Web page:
OAK BROOK, Ill. — In beefing up its bargain platform, the McDonald’s Corp. hopes to improve its competitive position within the quick-service restaurant industry.

The Dollar Menu & More, which features products at $1, $2 and $5 price points, is the latest revision in the chain’s evolving value story.

“As we stretch out the Dollar Menu a little bit more with Dollar Menu & More and provide some additional offers that will be even more appealing to some of the customers, we believe that it will continue to be a compelling offer and still best in class when we look at the overall marketplace,” said Don Thompson, president and CEO, during an Oct. 21 call with analysts to discuss third-quarter results. “One of the things that was attempted a while ago was called an Extra Value Menu. This is very, very different. Dollar Menu & More means that you keep the Dollar Menu price points, and it’s consistent with how we’ve continued to evolve the Dollar Menu since its inception back in the early 2000s.”

Over time, McDonald’s has tweaked its Dollar Menu, swapping out the Big N’ Tasty for a double cheeseburger, then a McDouble sandwich, he added.

“So, we’ve always evolved the Dollar Menu,” Thompson said. “(What we have found) is the need to have a $2 price point for some products that are a slight trade-up from just the $1-based price points that also supports additional margin growth at restaurants. And it gives customers a value ladder of sorts, so that based upon their discretionary spending, they have multiple offers at McDonald’s.”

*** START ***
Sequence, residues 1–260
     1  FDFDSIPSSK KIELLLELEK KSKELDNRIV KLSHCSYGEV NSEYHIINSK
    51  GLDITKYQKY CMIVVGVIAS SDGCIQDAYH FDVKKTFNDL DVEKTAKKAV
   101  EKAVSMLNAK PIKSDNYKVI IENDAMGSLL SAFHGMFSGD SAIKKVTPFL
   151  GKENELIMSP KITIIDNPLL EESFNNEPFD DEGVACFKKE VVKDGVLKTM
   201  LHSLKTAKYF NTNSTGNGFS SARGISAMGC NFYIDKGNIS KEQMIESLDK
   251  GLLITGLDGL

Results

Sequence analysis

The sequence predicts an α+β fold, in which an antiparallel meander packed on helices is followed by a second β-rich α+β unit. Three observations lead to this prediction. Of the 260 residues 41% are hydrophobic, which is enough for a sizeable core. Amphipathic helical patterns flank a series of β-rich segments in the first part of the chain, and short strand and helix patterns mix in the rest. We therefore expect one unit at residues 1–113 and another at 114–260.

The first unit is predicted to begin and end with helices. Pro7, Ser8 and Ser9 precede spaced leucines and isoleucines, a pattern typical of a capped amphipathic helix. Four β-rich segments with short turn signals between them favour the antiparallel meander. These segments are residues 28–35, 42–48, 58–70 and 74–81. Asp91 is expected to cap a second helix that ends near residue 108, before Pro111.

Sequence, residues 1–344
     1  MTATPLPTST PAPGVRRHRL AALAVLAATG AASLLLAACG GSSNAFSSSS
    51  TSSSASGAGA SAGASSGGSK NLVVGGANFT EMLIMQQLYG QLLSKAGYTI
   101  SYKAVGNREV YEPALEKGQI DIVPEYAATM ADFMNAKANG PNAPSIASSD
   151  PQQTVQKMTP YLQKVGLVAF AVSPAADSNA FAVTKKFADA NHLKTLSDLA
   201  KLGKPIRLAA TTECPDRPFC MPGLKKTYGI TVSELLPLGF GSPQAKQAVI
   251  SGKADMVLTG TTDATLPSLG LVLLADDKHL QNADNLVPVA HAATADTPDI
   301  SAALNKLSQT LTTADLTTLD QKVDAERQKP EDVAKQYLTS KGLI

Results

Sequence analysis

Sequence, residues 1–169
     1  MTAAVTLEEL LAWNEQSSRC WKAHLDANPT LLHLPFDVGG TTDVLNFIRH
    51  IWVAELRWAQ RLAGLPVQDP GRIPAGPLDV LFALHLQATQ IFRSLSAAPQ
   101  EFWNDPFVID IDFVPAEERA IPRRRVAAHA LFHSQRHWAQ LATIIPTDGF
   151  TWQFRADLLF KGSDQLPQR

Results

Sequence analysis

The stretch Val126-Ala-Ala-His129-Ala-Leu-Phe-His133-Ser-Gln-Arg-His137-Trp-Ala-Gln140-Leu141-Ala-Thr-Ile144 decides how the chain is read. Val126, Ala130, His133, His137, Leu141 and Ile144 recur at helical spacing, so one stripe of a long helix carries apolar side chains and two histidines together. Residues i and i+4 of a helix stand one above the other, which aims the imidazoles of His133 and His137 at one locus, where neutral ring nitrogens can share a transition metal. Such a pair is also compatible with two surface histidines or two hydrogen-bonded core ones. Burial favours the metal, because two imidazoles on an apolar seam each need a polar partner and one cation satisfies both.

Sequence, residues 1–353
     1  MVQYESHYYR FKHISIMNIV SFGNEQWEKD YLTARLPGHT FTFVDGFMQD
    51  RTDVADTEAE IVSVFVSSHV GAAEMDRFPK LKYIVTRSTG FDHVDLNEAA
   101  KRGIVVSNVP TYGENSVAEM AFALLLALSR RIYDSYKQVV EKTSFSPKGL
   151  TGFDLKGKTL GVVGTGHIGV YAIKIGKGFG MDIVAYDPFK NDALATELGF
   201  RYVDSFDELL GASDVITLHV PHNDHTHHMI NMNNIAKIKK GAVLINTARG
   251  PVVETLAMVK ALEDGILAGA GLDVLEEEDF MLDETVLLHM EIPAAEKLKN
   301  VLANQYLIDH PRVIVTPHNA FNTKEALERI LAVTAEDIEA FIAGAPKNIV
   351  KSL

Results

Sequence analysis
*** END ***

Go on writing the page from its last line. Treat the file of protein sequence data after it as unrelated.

The Wendy’s Co. made a similar move earlier this year with the launch of its Right Price, Right Size value menu, which features sandwiches and snack-size items at 99c, $1.19 and $1.99 price points.

“There will still be a Dollar Menu,” Thompson said. “What we’ve changed is ‘& More,’ which means we’re adding products at a $2 level and there will be some $5 level products and there may be some other fill-ins. … And so this is one of the ways that we can maintain the Dollar Menu in the face of rising commodities and labor pressures but also get a little bit more margin basis on some of the products at $2 and some of the products at higher price points from there.”

Dollar Menu sales have historically represented 13 percent to 15 percent of total sales for McDonald’s, with about a third of customers leveraging the menu, Thompson said.

“The Dollar Menu definitely, particularly in times like these where you see consumers stretched a little more from a discretionary spending perspective, and you see a bit of a bifurcation relative to the economic strata in the US, it's very important to have that affordability platform and the value, the Dollar Menu that we have,” Thompson said.

Premium products and limited-time offers remain integral to McDonald’s menu strategy. A recent innovation was Mighty Wings, which were launched in September and “resonated with consumers but performed at the lower end of our expectations,” Thompson said.

The problems? Price and spice.

“A dollar per wing was still not considered to be the most competitive in the current environment,” Thompson said. “The other thing we saw, and it’s a very slight modification, but the flavor profile was slightly spicy for some consumers. But having said that, what’s interesting is we sold or expect to sell probably about 35 million lbs. of wings. We can address the challenges with spice or as we look for with price, you will see wings again in the US business. It has been successful for us.”